From Solo to Synergy: Convincing Others to Embrace Better Meeting Practices

You can’t change bad meeting habits on your own. Here’s how to get others onboard.

It’s that time of the year where we all take a critical look at our habits, including our business habits. For most businesses, that means meetings — lots of meetings. 

You can think of your team’s meeting habits in the same way you think of your diet. Some meetings (and meals) are satisfying, healthy, and provide the necessary energy a team needs to get on with the day. Some are rushed, routine, and unfulfilling. Other meetings leave you discombobulated, bloated with indigestible information, and ready for a nap. 

This makes overhauling a team’s meetings a popular business resolution for the New Year. There’s just one problem. We don’t meet alone. 

Here’s where the diet analogy fails. Unlike eating, meetings are always a group activity. While you may be able to impact one or two critical meetings on your own, your progress will be limited until you can get the rest of your leadership group on board.

So, about this time every year, I get a surge of questions like this:

Elise, how can I help other leaders see the value of taking time to intentionally design the meetings needed to sustain our business? Is there data and evidence to support the increased focus on this?

Answer: Absolutely! But data alone rarely convinces someone to take action on a problem they’d rather ignore. That’s why I recommend this three-step approach to getting buy-in for better meeting habits.

1. Tell inspiring meeting stories.

The path to better meetings starts by improving one meeting at a time. For most teams, the first step will be an improved weekly team meeting, or maybe the addition of a huddle

Before you suggest any specific changes, though, you need to help your peers get a feel for how you believe those meetings should work by telling stories from other companies. There are hundreds of stories about teams who’ve found ways to love their meetings online. Search for meetings at Amazon, Google, Pixar, IDEO, the U.S. Navy Seals, Intel – any companies your peers find aspirational. Or alternatively, which fearsome competitors do they worry about? Search for stories about how these companies meet and share the positive examples with your team.

Storytelling like this connects with both the rational and emotional decision-making centers of the brain and gives everyone a mental picture of what you’re asking them to do.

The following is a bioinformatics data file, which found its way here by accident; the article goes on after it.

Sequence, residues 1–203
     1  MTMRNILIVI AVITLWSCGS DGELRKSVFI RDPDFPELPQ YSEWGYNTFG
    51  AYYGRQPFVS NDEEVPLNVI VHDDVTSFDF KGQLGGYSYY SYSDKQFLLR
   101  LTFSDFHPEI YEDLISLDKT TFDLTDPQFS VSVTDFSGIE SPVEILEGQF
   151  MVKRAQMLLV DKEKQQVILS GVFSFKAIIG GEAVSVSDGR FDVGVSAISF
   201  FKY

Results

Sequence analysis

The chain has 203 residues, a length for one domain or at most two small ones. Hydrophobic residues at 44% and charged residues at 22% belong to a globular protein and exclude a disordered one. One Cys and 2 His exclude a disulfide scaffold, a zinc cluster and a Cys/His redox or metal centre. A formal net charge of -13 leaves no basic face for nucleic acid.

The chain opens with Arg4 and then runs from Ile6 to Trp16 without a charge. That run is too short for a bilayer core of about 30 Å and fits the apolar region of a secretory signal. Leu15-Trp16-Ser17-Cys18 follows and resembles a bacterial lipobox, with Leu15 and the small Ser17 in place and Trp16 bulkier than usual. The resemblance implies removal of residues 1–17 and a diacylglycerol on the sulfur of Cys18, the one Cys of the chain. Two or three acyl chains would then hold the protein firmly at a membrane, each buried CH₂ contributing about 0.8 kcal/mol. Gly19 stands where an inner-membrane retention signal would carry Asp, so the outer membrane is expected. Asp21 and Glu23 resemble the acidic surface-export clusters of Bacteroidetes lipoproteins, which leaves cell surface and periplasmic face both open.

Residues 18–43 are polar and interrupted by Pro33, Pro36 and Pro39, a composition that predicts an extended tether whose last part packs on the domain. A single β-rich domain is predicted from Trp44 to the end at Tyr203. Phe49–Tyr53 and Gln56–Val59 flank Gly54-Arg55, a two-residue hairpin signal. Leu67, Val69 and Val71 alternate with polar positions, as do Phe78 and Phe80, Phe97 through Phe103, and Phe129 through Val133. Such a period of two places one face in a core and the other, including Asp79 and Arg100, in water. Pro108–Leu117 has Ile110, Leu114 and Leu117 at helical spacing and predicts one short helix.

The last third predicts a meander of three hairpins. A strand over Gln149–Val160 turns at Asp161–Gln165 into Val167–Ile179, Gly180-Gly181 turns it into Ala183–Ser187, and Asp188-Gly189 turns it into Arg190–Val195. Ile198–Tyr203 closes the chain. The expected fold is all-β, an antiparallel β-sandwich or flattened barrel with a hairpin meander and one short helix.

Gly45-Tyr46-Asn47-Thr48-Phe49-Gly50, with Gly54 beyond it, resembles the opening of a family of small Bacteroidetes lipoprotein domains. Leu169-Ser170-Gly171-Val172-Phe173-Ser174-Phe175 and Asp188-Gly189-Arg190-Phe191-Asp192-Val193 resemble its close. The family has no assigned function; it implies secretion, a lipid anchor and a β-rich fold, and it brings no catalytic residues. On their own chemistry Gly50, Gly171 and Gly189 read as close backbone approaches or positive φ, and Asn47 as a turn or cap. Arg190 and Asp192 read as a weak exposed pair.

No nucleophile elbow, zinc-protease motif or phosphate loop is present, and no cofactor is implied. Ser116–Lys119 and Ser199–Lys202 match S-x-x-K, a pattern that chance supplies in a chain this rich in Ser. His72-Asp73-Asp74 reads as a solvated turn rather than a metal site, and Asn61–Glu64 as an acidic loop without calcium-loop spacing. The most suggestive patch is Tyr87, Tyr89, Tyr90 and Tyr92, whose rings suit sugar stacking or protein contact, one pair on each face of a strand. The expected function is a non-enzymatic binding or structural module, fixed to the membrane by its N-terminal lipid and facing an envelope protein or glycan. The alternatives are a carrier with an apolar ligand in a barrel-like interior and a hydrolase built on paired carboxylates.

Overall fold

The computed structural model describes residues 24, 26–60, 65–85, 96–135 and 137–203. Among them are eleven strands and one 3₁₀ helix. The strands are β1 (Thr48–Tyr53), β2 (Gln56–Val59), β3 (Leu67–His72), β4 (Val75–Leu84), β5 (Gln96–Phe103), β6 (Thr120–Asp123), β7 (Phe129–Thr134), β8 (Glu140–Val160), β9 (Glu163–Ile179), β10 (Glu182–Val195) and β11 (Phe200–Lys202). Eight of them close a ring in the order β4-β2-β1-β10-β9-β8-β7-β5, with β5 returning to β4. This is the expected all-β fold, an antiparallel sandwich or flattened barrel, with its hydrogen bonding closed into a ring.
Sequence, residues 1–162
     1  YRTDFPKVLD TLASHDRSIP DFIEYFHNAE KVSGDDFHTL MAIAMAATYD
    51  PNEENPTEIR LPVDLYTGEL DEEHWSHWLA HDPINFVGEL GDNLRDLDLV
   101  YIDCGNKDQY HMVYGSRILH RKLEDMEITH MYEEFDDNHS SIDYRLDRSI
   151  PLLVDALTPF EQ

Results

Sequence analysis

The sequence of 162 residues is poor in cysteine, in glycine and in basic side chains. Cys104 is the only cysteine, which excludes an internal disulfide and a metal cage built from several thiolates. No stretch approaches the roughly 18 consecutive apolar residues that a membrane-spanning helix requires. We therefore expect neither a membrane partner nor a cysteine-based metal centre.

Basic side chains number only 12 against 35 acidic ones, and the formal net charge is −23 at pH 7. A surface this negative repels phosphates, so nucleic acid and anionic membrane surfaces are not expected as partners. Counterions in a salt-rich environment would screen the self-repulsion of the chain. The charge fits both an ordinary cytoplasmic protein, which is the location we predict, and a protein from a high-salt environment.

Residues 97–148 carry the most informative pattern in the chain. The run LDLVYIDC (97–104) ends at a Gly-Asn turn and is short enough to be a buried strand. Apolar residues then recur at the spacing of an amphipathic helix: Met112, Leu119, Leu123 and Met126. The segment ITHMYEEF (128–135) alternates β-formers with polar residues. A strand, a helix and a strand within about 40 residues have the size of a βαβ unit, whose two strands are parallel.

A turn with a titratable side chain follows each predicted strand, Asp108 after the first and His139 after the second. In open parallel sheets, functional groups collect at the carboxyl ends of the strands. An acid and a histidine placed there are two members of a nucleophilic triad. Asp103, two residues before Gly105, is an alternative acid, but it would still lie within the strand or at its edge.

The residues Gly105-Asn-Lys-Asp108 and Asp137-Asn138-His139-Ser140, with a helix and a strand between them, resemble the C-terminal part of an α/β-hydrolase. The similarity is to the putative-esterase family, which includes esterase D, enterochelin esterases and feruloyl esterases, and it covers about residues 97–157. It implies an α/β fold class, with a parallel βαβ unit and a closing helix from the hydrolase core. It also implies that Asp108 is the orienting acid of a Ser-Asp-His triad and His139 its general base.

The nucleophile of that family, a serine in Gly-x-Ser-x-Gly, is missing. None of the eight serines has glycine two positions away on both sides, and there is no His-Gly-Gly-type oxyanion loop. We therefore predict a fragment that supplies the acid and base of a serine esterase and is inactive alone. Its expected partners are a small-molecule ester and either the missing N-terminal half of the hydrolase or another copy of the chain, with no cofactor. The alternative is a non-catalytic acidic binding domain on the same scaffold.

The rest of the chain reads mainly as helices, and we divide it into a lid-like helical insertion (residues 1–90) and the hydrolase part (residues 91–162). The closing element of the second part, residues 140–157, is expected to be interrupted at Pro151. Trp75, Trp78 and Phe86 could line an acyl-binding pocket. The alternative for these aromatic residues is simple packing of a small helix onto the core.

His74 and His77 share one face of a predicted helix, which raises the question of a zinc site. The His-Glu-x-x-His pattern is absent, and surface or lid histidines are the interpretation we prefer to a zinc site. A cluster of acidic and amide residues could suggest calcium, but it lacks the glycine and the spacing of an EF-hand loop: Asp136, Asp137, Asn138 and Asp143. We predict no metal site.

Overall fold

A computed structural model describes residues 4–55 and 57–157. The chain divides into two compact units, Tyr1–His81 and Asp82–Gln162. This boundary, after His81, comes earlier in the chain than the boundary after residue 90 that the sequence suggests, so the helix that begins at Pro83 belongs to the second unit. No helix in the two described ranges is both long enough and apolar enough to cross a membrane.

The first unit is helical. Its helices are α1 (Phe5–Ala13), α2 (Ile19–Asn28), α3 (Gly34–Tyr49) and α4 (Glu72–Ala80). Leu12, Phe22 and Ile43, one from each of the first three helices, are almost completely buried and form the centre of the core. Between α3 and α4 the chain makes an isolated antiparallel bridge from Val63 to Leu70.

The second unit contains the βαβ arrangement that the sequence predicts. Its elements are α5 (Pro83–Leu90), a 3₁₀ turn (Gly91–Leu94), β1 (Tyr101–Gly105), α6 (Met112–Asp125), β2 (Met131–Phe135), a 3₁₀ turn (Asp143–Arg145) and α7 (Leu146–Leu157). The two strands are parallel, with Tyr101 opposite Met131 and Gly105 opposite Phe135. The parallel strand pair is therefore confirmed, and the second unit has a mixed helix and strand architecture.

2. Collect the evidence.

With that vision in place, you can now bring in the data. There is a direct relationship between meeting quality and:

  • Productivity
  • New business creation
  • Decision-making quality and velocity
  • Employee engagement and retention

To collect evidence for your team, list all the meetings held in the past 30 days in a spreadsheet. Add columns to track the number of attendees and the duration of each meeting. Multiplying these numbers with average salary costs will give you a low-end cost estimate. 

Then add two more columns; one to track the business value each meeting is meant to achieve (Hint: it should relate to one of the categories listed above) and a second column to add a rating for how well the meeting achieved that goal. 

When you’re done, you’ll have a spreadsheet showing what you’re spending on meetings and what you’re getting in return that you can share with colleagues.

3. Demonstrate the business case

Finally, you’re ready to begin the transformation. You told stories to help your peers visualize how these new meetings could and should work, and you collected data to establish an initial benchmark against which you can measure progress.

Now it’s time to experiment with new ways of meeting. You may start by trying out a cool-sounding technique you learned from one company, and then ask others to suggest new experiments you can try. Approaching these changes as an experiment acknowledges that a) you don’t know what will work until you try it and b) you’re inviting people to think critically about what constitutes a successful meeting.

Not only will this give everyone a voice and a stake in how you meet, it also creates the shift in perspective you were seeking. Everyone is now asking the question “How can we make this meeting better?” 

Ultimately, the best way to help leaders see the value of intentionally designing meetings is to make it their design. We all see the value in our own babies. 

Then, when the new year rolls around again, you’ll no longer be asking how to get buy-in. You and your team will be looking for ways to increase the benefits and competitive advantage you’ve found in your new, improved meetings. 

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